Writer’s note: This post is originally submitted as an assignment for my subject, Writing Journalism. Maurice Purnama is a friend of mine from church, and although we share the same last name, we are not blood-related. And Maurice, if you’re reading this, thank you for sharing your thoughts on education with me for one hour over coffee.
INDONESIAN-born-Chinese Maurice Everaldo Purnama has been expected to earn some real money, but earlier this year he suddenly decides to gain Master’s degree in Mechanical Engineering and graduate three years from now at the age of 28.
Having done five-year double degree in Commerce and Engineering, and two-year work in a chemical engineering company, Maurice packs up his comfortable life to once again enter the University of Melbourne’s gates.
With a smile on his face, Maurice says, “I’m doing a three-year cross-discipline course as my background is in chemical engineering.
“Instead of the usual two-year Master, I need to do an extra year for prep. Which means, I’ll be taking second and third year Bachelor subjects again.”
While Asians tend to take pride in graduating as young as possible and to settle down early in life, Maurice has to conquer his pride as he befriends younger peers.
Laughing, and with a hint of irony, Maurice says, “I don’t think you need to ask me how that feels, because even the tutor is one year younger than me.”
While making the decision to go back to uni, Maurice has different responses, where some support him and some do not.
“When I ask my role models, for example my senior in my workplace, they support my decision,” Maurice says.
“But when I talk to my peers, the ones who are in the same level with me, no one can comprehend why I want to go back and do Master. It’s just not the norm.”
Maurice believes that cultural background plays a big role in how you see education. While he is not the only Master student in his class, all the others are Westerners.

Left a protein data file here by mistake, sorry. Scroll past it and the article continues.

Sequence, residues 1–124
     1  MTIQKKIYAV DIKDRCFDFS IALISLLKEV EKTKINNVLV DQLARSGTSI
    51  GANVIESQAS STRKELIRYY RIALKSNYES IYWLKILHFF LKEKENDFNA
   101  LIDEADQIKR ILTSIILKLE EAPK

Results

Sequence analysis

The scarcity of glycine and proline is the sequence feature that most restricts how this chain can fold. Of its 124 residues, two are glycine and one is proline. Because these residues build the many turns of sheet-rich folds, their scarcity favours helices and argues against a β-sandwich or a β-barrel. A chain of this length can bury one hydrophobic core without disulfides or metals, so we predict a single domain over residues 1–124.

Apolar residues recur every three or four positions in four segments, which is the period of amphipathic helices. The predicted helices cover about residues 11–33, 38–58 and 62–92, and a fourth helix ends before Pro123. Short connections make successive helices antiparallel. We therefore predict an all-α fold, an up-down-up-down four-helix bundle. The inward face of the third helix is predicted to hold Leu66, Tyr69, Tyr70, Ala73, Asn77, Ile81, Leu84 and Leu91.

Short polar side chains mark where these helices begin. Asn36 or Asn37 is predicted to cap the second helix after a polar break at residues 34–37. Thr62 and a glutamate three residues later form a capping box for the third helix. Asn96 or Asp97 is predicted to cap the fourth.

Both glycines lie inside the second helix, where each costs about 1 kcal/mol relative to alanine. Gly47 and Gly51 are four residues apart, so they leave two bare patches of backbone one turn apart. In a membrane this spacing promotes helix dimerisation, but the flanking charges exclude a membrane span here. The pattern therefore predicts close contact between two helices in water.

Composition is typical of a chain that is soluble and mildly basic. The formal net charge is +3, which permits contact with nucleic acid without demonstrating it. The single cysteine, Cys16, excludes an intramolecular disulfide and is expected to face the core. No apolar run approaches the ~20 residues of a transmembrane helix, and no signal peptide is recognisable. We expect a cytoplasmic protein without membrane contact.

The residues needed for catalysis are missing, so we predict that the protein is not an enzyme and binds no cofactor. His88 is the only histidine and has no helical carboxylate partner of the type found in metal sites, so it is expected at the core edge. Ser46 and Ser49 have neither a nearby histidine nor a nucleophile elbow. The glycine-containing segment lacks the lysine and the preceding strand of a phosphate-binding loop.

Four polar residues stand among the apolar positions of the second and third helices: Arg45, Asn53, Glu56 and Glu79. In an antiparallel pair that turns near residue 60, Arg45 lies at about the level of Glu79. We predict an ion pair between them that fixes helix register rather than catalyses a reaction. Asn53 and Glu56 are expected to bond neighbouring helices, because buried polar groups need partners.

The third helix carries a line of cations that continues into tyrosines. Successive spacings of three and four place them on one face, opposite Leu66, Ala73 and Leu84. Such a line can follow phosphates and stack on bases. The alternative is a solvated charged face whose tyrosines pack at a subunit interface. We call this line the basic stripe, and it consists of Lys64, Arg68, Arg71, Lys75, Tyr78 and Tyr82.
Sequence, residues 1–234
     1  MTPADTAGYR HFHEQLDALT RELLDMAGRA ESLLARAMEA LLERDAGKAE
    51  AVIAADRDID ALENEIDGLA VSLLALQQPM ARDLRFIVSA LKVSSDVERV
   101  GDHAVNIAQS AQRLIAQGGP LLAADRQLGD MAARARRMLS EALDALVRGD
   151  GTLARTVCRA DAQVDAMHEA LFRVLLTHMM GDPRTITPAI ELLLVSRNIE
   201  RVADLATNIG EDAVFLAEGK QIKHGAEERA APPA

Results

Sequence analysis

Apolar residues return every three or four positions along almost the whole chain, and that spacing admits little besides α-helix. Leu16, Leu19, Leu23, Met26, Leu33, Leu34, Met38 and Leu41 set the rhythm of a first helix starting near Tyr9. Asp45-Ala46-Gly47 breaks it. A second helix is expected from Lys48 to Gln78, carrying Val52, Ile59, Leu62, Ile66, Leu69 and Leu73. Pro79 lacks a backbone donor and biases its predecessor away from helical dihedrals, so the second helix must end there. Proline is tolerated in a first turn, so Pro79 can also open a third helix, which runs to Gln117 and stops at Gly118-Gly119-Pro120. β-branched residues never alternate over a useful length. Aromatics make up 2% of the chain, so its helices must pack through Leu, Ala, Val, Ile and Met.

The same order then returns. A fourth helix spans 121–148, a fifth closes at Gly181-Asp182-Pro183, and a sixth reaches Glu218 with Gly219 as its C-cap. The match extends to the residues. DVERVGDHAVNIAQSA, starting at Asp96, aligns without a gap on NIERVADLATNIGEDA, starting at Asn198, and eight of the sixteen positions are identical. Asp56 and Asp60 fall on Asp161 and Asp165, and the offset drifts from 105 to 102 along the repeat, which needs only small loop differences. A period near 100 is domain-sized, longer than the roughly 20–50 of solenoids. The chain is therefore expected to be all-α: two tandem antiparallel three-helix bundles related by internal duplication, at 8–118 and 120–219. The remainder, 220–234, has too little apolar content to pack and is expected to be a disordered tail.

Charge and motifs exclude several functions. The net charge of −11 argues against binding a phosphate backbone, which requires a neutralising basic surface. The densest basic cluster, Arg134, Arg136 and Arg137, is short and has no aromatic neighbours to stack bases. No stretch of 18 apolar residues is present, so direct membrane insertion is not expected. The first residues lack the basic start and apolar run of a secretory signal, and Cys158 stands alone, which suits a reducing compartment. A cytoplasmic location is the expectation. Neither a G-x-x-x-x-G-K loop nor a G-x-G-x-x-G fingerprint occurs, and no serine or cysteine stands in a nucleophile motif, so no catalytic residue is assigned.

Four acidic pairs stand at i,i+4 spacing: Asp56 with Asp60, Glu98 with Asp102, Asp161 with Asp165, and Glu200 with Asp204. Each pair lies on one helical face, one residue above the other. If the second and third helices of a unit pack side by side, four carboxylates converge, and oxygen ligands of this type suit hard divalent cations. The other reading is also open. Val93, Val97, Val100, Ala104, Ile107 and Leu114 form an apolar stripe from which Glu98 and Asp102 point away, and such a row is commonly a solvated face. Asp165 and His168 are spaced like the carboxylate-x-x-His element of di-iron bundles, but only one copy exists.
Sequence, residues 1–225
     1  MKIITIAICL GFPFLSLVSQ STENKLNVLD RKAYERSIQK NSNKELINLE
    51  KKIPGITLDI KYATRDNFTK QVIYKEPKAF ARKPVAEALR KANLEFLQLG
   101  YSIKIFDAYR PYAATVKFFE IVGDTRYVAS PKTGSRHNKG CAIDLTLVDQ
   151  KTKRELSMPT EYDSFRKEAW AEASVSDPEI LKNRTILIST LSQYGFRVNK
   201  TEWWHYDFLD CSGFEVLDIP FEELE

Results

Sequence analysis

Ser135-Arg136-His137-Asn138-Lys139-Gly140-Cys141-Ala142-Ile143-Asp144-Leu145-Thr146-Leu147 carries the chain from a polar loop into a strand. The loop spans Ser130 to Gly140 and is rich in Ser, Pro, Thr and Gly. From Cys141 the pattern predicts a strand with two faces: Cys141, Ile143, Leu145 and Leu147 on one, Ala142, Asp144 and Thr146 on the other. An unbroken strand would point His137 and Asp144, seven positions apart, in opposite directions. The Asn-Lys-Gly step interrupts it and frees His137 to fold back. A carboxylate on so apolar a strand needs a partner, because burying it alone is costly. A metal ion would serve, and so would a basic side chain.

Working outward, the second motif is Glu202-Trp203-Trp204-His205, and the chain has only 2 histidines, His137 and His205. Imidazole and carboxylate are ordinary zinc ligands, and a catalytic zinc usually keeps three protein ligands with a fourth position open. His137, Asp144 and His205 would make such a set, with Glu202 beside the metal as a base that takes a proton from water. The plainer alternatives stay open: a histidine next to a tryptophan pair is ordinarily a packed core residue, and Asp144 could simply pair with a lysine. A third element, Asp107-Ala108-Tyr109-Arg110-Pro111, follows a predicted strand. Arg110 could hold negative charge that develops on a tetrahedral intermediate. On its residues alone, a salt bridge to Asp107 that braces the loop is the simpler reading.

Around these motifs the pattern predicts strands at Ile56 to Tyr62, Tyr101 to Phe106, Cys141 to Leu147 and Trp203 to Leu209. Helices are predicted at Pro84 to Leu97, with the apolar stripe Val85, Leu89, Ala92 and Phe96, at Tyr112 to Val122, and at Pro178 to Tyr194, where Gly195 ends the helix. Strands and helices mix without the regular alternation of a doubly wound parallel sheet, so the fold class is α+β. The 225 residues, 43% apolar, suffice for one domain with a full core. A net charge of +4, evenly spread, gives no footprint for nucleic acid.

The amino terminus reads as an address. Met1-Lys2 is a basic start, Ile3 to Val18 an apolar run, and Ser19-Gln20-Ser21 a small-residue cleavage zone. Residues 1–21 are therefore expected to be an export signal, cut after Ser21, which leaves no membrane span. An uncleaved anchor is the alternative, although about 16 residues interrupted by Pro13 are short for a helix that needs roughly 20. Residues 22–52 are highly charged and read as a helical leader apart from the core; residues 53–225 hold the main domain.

“If you are a Chinese, or Australian, your view about education will be different,” Maurice says.
“Asians are more towards efficiency. The sooner you earn, the better.
“On the other hand, Westerners like to take time to find out what they enjoy doing. They take a year break in uni to go travelling; it’s something that Asians never do.”
While Asians tend to go straight to Master after graduation, Maurice says that it’s not how to play the card here in Australia. Experience is the key.
“Until now, when I see people going straight to Master’s degree, I ask, ‘Why?’” Maurice says.
“Employer doesn’t regard the knowledge that you learn from uni, because what’s more important is your work experience in a particular industry.”
That said, Maurice acknowledges how young Asian students are when they graduate, thus making employers unwilling to employ them.
But then in a deeper tone, he says, “Even if you can’t find work, don’t do Master.
“Instead, find other further studies, Honours for example. Because you gain further benefit in doing Master when you have worked before.”
When asked for advice to final year students who haven’t decided what to do next, Maurice pauses, and while folding his hands, he says, “Everyone’s circumstances are different, so never try to pattern yourself to other people’s choices.
“But don’t think only about yourself.
“Think about your future, for your future doesn’t only involve yourself. It involves many other things around you.”